Review: Espressif ESP32-PICO-KIT Getting Started Guide

January 8, 2018 | 17:20

Two cores and a radio

The ESP32 is the latest product from the folks that brought us the ESP8266. Like the ESP8266 the ESP32 has Wi-Fi, but adds Bluetooth. Besides a flexible radio the ESP32 also has two 32-bit cores inside, making it extremely powerful, and providing all the ports and interfaces that the ESP8266 is lacking. Oversimplifying things a bit, one might say that the ESP8266 is a Wi-Fi controller that provides some I/O, whereas the ESP32 is a full-fledged controller that also has Wi-Fi.

ESP32-PICO-KIT. The device close to the antenna contains an ESP32 and 4 MB of flash memory. 

ESP32 peripherals

The ESP32 exposes an analogue-to-digital and digital-to-analogue converter (ADC & DAC), touch sensor circuitry, an SD/SDIO/MMC host controller, an SDIO/SPI slave controller, an EMAC, PWM to control LEDs and motors, UART, SPI, I2C, I2S, infrared remote controller, and, of course, GPIO.
The ESP32-PICO-D4 is a System-on-Chip (SoC) integrating an ESP32 chip together with a 4 MB SPI flash memory in a tiny 7 x 7 mm package. The ESP32-PICO-KIT is a breakout board for this SoC with an on-board USB-to-serial converter for easy programming and debugging.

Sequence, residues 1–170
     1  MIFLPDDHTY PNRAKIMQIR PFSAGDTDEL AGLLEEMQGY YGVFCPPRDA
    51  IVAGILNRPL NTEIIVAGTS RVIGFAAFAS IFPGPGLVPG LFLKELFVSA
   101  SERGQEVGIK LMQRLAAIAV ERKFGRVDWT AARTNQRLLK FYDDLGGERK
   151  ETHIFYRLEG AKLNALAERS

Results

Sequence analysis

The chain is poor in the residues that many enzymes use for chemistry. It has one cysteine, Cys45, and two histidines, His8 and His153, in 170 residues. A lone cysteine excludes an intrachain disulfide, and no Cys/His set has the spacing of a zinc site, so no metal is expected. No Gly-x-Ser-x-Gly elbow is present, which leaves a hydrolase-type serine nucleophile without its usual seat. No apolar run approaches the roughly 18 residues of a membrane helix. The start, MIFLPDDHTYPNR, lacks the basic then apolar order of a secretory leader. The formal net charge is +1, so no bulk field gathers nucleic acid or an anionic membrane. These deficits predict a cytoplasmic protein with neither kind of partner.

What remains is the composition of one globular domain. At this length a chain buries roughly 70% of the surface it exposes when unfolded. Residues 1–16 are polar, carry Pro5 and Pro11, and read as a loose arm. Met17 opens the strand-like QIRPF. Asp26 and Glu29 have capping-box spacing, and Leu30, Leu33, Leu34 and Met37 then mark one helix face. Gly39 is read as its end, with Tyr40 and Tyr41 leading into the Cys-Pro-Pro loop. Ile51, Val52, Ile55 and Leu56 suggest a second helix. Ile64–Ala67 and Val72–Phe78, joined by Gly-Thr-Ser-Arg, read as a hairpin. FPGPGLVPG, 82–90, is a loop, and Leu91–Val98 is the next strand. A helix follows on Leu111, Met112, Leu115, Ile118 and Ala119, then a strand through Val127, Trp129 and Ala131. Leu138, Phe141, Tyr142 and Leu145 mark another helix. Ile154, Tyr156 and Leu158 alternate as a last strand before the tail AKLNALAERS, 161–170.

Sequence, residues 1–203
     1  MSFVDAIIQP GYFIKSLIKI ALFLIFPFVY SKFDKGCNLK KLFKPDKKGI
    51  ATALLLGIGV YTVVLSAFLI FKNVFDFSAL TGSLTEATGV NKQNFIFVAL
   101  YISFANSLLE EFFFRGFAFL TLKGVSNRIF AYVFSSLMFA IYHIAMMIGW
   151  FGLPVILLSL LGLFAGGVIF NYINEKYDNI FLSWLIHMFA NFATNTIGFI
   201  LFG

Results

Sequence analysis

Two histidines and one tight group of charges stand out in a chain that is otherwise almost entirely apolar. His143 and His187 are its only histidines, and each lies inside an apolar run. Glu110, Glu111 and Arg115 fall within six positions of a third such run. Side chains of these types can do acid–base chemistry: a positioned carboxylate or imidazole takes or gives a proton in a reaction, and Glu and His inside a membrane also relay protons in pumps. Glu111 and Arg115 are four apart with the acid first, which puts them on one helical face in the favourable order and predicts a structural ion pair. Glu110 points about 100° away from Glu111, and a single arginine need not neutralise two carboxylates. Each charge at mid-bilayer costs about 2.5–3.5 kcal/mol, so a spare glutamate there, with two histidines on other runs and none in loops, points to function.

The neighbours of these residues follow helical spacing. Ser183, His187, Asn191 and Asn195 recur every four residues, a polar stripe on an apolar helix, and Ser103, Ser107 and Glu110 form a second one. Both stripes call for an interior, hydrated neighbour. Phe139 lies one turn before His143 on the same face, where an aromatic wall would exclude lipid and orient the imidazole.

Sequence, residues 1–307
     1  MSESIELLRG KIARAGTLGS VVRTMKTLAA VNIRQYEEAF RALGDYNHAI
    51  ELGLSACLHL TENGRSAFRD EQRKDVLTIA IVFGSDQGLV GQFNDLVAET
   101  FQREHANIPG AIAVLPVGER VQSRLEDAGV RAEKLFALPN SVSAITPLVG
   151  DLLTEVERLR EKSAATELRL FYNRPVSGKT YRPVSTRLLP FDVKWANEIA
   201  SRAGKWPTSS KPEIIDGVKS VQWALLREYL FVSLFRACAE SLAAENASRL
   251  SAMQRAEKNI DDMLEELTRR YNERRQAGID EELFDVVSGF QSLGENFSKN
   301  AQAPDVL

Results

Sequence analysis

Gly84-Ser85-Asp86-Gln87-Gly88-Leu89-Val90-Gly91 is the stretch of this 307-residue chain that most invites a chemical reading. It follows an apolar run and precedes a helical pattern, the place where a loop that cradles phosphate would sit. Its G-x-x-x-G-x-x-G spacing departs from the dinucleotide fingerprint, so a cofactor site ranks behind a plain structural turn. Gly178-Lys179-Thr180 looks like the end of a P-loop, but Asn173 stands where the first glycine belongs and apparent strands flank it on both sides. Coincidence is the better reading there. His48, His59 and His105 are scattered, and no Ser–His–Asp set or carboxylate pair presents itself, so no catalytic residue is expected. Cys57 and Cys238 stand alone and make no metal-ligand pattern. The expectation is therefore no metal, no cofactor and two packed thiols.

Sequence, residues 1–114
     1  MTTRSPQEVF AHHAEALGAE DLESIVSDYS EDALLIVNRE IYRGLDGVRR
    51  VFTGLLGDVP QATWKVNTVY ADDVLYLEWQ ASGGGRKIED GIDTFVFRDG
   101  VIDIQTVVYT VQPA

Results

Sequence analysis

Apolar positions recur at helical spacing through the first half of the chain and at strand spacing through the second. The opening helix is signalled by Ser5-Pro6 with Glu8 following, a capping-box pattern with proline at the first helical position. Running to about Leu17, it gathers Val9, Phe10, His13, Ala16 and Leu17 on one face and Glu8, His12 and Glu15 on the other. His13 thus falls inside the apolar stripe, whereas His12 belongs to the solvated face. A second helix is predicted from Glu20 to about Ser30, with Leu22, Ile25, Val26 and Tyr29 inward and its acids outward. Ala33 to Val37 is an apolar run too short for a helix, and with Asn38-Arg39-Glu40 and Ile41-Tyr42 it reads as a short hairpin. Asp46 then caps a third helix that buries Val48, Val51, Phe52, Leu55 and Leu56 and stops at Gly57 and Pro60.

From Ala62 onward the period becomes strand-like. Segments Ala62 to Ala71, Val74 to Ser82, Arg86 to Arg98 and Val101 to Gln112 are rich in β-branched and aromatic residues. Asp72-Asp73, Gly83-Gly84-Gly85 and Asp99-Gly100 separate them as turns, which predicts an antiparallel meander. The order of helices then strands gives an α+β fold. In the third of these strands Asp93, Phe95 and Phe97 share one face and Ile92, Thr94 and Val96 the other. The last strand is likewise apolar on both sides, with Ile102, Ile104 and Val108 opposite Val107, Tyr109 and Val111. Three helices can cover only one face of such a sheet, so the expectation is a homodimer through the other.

ESP32 Design Contest 2018

ESP32 Design Contest

The ESP32-PICO-KIT is the board that is given for free to anyone joining the Elektor ESP32 Design Contest.

Read the docs

For the ESP8266 most of the documentation and tutorials were written by the maker community, for the ESP32 Espressif decided to provide it all right from the beginning. The documents are posted on the Read the Docs website where you can find the very complete documentation.

Prepare for the ESP32-PICO-KIT

To get started with the ESP32-PICO-KIT you will need, besides the board (duh), a programming toolchain. There exists an Arduino-compatible toolchain for the ESP32 but it is intended for an ESP32 board with a different pinning and without the 4 MB flash memory.
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